x_squared, perm = c(0L, 2L, 1L)
) -
2 * tf$matmul(
batch_masked,
tf$transpose(batch_masked, perm = c(0L, 2L, 1L))
)
all_dists <- pdist_vector
all_ra <-
tf$sqrt((1 / (
batch_size * tf$vary(1, 1 + n_latent, dtype = tf$float32)
)) *
tf$reduce_sum(tf$sq.(
batch_masked - tf$reduce_mean(batch_masked, axis = 1L, keepdims = TRUE)
), axis = c(1L, 2L)))
all_dists <- tf$clip_by_value(all_dists, 1e-14, tf$reduce_max(all_dists))
top_k <- tf$math$top_k(-all_dists, tf$forged(ok + 1, tf$int32))
top_indices <- top_k[[1]]
neighbor_dists_d <- tf$collect(all_dists, top_indices, batch_dims = -1L)
neighbor_new_dists <- tf$collect(
all_dists[2:-1, , ],
top_indices[1:-2, , ],
batch_dims = -1L
)
# Eq. 4 of Kennel et al. (1992)
scaled_dist <- tf$sqrt((
tf$sq.(neighbor_new_dists) -
tf$sq.(neighbor_dists_d[1:-2, , ])) /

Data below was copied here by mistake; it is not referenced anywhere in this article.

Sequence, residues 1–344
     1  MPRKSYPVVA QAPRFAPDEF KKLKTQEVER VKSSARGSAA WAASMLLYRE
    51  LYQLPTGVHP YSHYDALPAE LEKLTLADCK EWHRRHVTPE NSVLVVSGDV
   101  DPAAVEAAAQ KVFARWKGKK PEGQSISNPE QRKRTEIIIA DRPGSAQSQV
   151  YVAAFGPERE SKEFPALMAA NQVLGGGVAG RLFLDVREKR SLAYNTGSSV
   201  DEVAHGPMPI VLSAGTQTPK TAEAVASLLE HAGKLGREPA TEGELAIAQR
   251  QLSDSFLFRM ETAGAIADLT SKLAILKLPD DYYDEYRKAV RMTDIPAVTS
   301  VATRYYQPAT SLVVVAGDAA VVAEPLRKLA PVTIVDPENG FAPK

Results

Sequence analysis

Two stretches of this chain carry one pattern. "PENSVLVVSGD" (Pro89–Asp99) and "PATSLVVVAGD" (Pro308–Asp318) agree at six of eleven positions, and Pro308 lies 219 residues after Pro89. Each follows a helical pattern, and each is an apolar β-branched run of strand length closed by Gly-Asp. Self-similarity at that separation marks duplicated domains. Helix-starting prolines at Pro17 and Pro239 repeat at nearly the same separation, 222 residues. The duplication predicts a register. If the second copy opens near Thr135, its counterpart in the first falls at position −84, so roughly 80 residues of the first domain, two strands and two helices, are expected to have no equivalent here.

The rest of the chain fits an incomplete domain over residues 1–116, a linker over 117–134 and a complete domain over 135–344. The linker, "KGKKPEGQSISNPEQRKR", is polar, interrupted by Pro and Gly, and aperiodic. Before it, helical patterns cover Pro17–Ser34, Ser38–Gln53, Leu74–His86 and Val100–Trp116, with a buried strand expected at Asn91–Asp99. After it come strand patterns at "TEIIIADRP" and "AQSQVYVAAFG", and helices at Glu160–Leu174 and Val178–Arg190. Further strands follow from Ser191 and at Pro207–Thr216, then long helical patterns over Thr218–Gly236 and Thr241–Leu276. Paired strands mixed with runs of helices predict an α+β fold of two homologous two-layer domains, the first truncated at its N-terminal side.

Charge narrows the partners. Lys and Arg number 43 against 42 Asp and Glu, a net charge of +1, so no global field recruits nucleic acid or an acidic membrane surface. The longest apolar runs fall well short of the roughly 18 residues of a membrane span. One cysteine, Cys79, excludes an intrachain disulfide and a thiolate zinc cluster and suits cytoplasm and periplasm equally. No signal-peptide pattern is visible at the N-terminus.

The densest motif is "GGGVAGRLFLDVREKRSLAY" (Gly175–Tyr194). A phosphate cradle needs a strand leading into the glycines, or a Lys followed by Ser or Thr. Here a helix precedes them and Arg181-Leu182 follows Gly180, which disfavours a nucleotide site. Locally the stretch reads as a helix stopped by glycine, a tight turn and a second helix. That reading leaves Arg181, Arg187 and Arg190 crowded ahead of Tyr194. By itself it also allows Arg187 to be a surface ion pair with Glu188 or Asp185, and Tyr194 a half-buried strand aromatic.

tf$sq.(neighbor_dists_d[1:-2, , ])
)
# Kennel situation #1
is_false_change <- (scaled_dist > rtol)
# Kennel situation #2
is_large_jump <-
(neighbor_new_dists > atol * all_ra[1:-2, tf$newaxis, tf$newaxis])
is_false_neighbor <-
tf$math$logical_or(is_false_change, is_large_jump)
total_false_neighbors <-
tf$forged(is_false_neighbor, tf$int32)[reticulate::py_ellipsis(), 2:(k + 2)]
reg_weights <- 1 -
tf$reduce_mean(tf$forged(total_false_neighbors, tf$float32), axis = c(1L, 2L))
reg_weights <- tf$pad(reg_weights, list(list(1L, 0L)))
activations_batch_averaged <-
tf$sqrt(tf$reduce_mean(tf$sq.(x), axis = 0L))
loss <- tf$reduce_sum(tf$multiply(reg_weights, activations_batch_averaged))
loss
}
```

MSE and FNN are added , with FNN loss weighted in accordance with the important hyperparameter of this mannequin:

This worth was experimentally chosen because the one greatest conforming to our *look-for-the-highest-drop* heuristic.

### Mannequin coaching

The coaching loop intently follows the aforementioned recipe on the right way to

practice with customized fashions and `tfautograph`

.

```
train_loss <- tf$keras$metrics$Imply(identify='train_loss')
train_fnn <- tf$keras$metrics$Imply(identify='train_fnn')
train_mse <- tf$keras$metrics$Imply(identify='train_mse')
train_step <- perform(batch) {
with (tf$GradientTape(persistent = TRUE) %as% tape, {
code <- encoder(batch)
reconstructed <- decoder(code)